A Phase II is testing for a suspect environmental problems that were found from a Phase I. It is normally performed after a Phase I, as a Phase I is meant to identify environmental Recognized Areas of Concern (AOCs) BEFORE a property is purchased. The Phase I protects a buyer from buying a property that has environmental problems that would lower the value of the property.
While a Phase I needs to be performed by an environmental professional with experience and training a Phase II typically requires drilling and testing equipment. Curren Environmental owns and operates drilling, GPR, metal detectors and testing equipment necessary to quickly and cost effectively complete a Phase II. Without having to subcontract services needed for a Phase II, our clients realize a savings of in house work with no subcontractor markup.
A Phase II Can Include
(Ground Penetrating Radar - GPR)
Metal Detector Sweep
Where a Phase I is a paper research and physical inspection of a property, a Phase II typically involves physical evaluation and/or testing at a property. A Phase II is performed to help answer questions that arise in a Phase I such as, are there buried tanks; does contamination exist from past operations at the property? To answer these questions, a Phase II may include a metal detector survey or Ground Penetrating Radar (GPR) survey of a property to locate suspect Underground Storage Tanks (USTs). A Phase II may also consist of advancing soil borings to collect both soil and groundwater samples from areas of a property where contamination may be present, based on the Phase I report.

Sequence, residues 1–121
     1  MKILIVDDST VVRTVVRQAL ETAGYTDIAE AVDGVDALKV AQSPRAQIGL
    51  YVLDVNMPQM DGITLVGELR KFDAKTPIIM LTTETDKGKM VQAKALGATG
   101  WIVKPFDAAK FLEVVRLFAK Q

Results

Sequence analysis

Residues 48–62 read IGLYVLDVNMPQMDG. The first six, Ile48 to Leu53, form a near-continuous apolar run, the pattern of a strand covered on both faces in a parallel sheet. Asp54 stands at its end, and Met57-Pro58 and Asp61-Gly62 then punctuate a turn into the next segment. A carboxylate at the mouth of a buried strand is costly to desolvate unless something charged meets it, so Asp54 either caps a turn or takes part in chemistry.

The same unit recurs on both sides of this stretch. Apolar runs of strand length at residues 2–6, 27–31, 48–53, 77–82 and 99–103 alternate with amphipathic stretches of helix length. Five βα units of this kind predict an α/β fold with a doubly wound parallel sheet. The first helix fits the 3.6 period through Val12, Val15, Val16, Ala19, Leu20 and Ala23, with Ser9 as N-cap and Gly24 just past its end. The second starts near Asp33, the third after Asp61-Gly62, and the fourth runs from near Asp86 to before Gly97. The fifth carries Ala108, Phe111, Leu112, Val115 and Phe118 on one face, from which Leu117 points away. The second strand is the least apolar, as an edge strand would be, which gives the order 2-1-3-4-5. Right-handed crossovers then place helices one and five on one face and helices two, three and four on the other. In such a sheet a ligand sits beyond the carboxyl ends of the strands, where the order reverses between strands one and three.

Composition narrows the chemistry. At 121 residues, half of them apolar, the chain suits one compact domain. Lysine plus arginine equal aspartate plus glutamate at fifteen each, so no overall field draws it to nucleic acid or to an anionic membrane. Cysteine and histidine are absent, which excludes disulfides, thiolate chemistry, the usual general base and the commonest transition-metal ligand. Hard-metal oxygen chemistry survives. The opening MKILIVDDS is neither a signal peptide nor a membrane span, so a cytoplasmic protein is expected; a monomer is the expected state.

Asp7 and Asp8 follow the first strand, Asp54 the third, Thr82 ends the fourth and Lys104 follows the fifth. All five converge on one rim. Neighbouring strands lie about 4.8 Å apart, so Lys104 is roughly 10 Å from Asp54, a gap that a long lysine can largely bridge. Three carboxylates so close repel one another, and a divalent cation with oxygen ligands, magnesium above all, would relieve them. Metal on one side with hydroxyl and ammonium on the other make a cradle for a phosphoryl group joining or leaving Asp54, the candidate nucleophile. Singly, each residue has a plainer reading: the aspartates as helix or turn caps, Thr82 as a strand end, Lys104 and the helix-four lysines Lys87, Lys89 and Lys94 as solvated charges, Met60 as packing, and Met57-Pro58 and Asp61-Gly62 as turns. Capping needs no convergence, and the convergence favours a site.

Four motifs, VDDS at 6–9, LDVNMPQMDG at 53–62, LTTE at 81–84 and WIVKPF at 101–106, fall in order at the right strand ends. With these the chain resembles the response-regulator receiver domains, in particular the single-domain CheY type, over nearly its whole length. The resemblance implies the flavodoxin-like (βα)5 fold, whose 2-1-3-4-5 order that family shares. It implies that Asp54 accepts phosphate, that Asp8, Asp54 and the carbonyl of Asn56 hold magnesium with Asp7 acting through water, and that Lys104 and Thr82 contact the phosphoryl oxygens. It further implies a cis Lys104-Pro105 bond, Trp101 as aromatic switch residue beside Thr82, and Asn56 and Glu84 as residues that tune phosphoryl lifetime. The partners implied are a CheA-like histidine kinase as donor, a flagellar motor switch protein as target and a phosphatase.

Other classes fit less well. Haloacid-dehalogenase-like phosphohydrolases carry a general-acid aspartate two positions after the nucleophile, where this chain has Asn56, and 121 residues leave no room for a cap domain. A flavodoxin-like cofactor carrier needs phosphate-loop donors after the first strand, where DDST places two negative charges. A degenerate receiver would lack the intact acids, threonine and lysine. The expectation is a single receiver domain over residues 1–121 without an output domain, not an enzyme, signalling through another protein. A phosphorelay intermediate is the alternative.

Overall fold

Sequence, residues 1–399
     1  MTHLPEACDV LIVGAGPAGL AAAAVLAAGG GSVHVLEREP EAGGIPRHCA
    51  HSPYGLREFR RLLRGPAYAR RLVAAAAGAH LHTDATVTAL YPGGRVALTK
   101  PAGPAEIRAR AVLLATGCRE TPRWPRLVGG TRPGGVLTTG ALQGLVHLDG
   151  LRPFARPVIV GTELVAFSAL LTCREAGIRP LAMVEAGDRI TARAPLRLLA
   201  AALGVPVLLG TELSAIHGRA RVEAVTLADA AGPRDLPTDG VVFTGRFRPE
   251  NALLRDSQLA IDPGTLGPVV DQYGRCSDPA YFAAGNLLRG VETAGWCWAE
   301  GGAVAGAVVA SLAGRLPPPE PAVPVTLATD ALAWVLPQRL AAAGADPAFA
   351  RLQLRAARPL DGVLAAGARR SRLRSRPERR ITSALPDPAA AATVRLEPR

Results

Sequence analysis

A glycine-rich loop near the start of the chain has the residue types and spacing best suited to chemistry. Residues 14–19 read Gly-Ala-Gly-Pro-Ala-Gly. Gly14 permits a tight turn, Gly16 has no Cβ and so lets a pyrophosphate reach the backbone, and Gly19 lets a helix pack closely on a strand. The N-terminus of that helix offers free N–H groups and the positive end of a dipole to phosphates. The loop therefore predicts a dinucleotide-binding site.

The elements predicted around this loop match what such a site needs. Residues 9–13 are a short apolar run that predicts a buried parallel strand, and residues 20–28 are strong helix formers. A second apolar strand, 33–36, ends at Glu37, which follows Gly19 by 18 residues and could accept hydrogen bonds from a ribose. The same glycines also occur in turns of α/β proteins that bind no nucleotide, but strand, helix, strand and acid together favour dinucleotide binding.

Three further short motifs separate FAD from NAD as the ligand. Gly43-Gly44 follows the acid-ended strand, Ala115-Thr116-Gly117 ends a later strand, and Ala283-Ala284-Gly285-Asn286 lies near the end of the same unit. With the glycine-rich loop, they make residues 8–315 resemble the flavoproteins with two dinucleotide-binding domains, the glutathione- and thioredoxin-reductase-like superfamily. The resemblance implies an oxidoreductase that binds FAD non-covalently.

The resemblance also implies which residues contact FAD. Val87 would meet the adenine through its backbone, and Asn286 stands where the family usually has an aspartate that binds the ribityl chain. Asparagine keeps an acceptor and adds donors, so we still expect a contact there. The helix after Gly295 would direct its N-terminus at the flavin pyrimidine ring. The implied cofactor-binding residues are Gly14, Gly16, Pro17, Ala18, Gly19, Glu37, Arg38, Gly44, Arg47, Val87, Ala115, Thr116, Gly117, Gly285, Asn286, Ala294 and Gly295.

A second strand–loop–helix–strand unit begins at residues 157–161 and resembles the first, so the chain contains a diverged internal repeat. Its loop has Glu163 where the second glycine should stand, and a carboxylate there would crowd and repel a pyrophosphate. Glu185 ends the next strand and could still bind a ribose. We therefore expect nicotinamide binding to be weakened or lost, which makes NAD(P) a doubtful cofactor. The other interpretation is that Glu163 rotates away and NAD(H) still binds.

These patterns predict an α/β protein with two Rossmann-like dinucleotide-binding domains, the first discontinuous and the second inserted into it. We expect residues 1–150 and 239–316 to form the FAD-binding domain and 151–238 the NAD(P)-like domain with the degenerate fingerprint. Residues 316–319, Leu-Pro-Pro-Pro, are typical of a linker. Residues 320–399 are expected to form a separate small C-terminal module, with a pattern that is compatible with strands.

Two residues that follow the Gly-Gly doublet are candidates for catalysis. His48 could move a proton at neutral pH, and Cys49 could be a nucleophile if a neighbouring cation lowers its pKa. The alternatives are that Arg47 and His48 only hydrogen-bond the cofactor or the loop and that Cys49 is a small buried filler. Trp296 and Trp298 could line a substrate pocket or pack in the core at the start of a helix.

Investigative soil borings are collected in Environmental Areas of Concern (AOCs) as listed in the Phase I. The samples are collected by experienced project managers following State and Federal regulations with the samples collected shipped to a laboratory for independent analysis.
A Phase II ESA report should describe the investigative activities completed, detailing soil borings performed, environmental phase II and the soil and ground water analytical results as compared to applicable state standards. Conclusions are then drawn from the data collected. If conditions are identified that may require remediation the recommendations section of the report will discuss options available as well as costs for addressing each Area of Concern. A Phase III will follow a Phase II if additional work is required.